California freeways can be dangerous, and they are often congested. An elderly driver might feel intimidated in these situations because of difficulties in turning to see while changing lanes. Vision can be another major factor in limiting an elderly driver's time on the road. However, driving can be a major interest as an aging person attempts to remain independent. Fortunately, the auto industry is hard at work in engineering technologies to assist with driving challenges facing not only the elderly but also drivers of all ages.
Self-driving vehicles offer the greatest promise for those who could otherwise be restricted from driving on freeways and busy streets. However, this is one of the more controversial technologies in development as consumers worry about the potential for car accidents because of programming problems. An autopilot feature on the Model S from Tesla Motors has been rolled out with recommendations that many are ignoring to some degree. Many worry that a glitch with a self-driving vehicle could be deadly, and at least one fatality has occurred in connection with the robotic driving of the Model S.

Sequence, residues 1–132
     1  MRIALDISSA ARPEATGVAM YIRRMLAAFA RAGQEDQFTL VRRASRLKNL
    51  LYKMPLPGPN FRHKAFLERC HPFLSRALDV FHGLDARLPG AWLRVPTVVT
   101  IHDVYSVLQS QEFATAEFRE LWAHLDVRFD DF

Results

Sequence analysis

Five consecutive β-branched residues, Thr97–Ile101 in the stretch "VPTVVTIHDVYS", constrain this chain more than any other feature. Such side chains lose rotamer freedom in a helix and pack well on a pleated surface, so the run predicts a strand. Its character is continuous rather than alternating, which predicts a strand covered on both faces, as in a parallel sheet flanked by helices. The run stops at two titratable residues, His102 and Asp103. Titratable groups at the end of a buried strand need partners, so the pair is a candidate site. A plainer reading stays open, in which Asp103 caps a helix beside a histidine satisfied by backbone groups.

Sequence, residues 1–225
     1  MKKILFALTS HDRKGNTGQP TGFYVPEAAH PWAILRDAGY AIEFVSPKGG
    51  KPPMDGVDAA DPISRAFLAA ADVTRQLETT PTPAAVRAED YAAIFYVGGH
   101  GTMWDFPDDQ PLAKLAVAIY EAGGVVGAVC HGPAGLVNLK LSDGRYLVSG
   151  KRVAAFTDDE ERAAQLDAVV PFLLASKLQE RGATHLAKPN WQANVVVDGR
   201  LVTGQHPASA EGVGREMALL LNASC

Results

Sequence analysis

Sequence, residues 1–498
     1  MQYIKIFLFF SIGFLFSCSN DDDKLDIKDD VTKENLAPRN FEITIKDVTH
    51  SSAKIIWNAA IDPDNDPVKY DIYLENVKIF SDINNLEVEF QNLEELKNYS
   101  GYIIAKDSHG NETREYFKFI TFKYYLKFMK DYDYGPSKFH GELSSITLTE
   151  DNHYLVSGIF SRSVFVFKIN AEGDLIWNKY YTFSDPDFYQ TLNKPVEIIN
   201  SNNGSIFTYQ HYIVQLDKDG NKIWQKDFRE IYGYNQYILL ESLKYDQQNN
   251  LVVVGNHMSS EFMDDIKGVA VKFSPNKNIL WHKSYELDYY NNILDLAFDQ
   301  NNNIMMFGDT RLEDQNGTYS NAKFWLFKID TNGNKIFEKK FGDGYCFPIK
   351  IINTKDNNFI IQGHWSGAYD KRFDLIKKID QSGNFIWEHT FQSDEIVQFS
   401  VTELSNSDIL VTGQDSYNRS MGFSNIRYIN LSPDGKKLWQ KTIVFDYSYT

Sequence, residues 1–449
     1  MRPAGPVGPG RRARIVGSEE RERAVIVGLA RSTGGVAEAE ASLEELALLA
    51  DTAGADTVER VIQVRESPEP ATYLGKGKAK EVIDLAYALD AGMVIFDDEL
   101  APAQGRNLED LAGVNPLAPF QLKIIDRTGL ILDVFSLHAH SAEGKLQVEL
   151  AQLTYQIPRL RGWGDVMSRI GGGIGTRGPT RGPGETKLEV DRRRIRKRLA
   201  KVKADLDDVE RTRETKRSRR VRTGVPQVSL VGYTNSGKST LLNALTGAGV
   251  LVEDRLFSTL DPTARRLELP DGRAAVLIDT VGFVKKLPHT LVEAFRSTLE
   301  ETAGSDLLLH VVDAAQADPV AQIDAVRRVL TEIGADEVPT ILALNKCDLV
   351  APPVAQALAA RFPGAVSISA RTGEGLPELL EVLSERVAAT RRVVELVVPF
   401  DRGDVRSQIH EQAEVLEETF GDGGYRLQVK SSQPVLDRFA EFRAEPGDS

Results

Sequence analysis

Some technologies are less controversial and are being incorporated into today's automobiles. For example, dashboard video systems provide visual information about the sides and back of the vehicle, which can help an elderly driver who cannot turn their head well. Self-parking features can help drivers who tend to misjudge spaces. Robotic braking can help those who don't see certain hazards, intervening to prevent collisions.
Age does not imply inability to drive, but an individual injured in an accident involving an elderly driver might wonder whether a physical or medical issue has contributed to the incident. A lawyer representing such a client might investigate the driver's health history as well as any record of prior driving problems.